Dr. Nadine Burke Harris’s pioneering work on how childhood trauma shapes adult outcomes led to her being named the first surgeon general of California. That was in 2019. And then, of course, the novel coronavirus hit. The job of California’s surgeon general in 2020 was not what it was in 2019. But in some ways, Burke Harris’s expertise was more necessary than ever. This conversation is about the growing evidence that difficult experiences we face as children reverberate in our lives decades later. It’s profound research that should reshape how we think about social insurance, public morality and criminal justice. But it’s also a conversation about what the coronavirus has done to children — whether this year will be a trauma that marks a generation, and remakes their lives. How has it changed socialization for toddlers — like my 2-year-old son? What has it meant for children who can’t go to school, who watched their parents lose work or who had family members die alone in a hospital? How do we help them? How do we even understand what they’ve gone through, particularly when they can’t tell us? We also discuss the lessons California learned from the early difficulties in its vaccine rollout (“simplicity saves lives,” Burke Harris says), why we need to be investing a lot more in mental health therapeutics, the debate over universal child allowances, how to address racial and income disparities in vaccine distribution, the drivers of vaccine hesitancy in Black and brown communities, what a safe path to post-pandemic reopening would look like, why Covid-19 cases have been declining across the country, and much more. This is one of those conversations that will leave you looking at vast swaths of public policy differently. Don’t miss it. References The Deepest Well: Healing the Long-Term Effects of Childhood Adversity by Nadine Burke Harris “Roadmap for Resilience: The California Surgeon General’s Report on Adverse Childhood Experiences, Toxic Stress, and Health” “Relationship of childhood abuse and household dysfunction to many of the leading causes of death in adults. The Adverse Childhood Experiences (ACE) Study” “The prevalence of Adverse Childhood Experiences (ACE) in the lives of juvenile offenders” “Adverse childhood experiences and the risk of premature mortality” Recommendations: Why Zebras Don’t Get Ulcers by Robert Sapolsky The Emotional Life of the Toddler by Alicia Lieberman The Woman Behind the New Deal by Kirstin Downey The Runaway Bunny by Margaret Wise Brown Thoughts? Email us at firstname.lastname@example.org. New episodes every Tuesday and Friday. “The Ezra Klein Show” is produced by Roge Karma and Jeff Geld; fact-checking by Michelle Harris; original music by Isaac Jones; mixing by Jeff Geld.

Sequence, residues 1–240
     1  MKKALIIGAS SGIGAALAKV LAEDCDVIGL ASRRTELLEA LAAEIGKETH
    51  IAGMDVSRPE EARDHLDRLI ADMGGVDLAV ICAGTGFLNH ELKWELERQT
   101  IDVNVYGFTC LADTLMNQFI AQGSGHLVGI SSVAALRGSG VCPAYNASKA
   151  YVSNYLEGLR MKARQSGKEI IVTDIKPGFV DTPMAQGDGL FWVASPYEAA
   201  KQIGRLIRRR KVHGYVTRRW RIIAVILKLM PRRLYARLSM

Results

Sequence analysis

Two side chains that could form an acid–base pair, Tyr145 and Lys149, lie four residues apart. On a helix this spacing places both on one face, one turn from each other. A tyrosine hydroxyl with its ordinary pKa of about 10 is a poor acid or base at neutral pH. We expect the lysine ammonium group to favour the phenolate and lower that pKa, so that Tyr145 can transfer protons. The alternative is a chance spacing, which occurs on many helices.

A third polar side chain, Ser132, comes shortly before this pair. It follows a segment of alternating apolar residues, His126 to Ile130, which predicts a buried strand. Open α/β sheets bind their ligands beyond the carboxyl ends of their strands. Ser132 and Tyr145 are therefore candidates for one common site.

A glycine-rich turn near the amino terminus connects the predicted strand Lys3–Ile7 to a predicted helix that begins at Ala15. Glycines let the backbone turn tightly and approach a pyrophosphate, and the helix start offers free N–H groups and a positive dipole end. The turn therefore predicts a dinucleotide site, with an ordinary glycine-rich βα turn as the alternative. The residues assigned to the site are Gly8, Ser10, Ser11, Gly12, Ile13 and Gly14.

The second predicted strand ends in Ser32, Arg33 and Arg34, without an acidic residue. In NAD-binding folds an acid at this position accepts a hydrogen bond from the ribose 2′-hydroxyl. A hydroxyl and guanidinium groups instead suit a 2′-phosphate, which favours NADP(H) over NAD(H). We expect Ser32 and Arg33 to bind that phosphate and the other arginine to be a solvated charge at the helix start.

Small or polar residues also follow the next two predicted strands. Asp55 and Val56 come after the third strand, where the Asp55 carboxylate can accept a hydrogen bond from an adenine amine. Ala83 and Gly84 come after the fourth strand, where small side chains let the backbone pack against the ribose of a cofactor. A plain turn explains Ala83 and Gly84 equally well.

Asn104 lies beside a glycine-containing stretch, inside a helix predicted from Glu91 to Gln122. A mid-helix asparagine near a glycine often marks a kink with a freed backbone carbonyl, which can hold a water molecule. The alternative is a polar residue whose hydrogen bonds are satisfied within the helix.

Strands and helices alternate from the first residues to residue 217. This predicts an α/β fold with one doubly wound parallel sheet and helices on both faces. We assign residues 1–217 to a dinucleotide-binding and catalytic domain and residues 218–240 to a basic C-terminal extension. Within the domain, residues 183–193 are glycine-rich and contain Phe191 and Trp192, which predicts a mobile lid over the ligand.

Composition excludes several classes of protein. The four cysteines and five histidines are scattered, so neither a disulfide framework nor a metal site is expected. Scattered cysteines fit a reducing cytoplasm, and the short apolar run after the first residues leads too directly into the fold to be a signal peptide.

Stop. Breathe. We Can’t Keep Working Like This.
We were promised, with the internet, a productivity revolution. We were told that we’d get more done, in less time, with less stress. Instead, we got always-on communication, the dissolution of the boundaries between work and home, the feeling of constantly being behind, lackluster productivity numbers, and, to be fair, reaction GIFs. What went wrong? Cal Newport is a computer scientist at Georgetown and the author of books trying to figure that out. At the center of his work is the idea that the technologies billed as offering us more productive, happier, socially rich lives have left us more exhausted, empty and stressed out than ever. He’s doing something not enough people do: questioning whether this was all worth it. My critique of Newport’s work has always been that it focuses too much on the individual: Telling someone whose workplace communicates exclusively via Slack and email to be a “digital minimalist” is like telling someone who lives in a candy store to diet. But his new book, “A World Without Email,” is all about systems — specifically, the systems that govern how we work. In it, Newport makes a radical argument: We are living through a massive, rolling failure of markets and firms to rethink work for the digital age. But that can change. We can change it. Recommendations: Technics and Civilization by Lewis Mumford Five Things We Need to Know About Technological Change by Neil Postman “A Continuous Shape” (video) Andrew Henry's Meadow by Doris Burn The Ezra Klein Show is hiring an Associate Producer! Apply to work with us by clicking here or by visiting www.nytco.com/careers. Thoughts? Email us at email@example.com. New episodes every Tuesday and Friday. The Ezra Klein Show is produced by Roge Karma and Jeff Geld; fact-checking by Michelle Harris; original music by Isaac Jones; mixing by Jeff Geld.
What a More Responsible Republican Party Would Look Like